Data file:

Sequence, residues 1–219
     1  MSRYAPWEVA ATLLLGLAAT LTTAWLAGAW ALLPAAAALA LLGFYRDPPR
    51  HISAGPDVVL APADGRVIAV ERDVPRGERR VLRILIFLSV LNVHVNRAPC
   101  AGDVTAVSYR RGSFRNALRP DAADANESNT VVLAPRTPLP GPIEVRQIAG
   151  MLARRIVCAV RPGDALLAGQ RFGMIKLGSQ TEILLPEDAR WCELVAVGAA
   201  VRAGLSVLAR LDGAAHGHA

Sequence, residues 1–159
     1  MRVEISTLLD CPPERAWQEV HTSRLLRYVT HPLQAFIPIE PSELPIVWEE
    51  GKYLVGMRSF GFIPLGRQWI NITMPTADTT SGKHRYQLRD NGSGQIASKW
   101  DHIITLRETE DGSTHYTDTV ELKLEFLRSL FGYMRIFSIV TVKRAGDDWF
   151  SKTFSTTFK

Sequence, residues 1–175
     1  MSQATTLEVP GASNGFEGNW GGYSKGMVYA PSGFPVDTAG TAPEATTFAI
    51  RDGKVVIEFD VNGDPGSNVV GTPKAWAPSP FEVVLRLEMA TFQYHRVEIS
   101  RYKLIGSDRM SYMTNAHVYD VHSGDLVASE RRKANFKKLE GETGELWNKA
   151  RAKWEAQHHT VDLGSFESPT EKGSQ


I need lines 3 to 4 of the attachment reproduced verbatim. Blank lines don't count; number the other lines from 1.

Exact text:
    51  HISAGPDVVL APADGRVIAV ERDVPRGERR VLRILIFLSV LNVHVNRAPC
   101  AGDVTAVSYR RGSFRNALRP DAADANESNT VVLAPRTPLP GPIEVRQIAG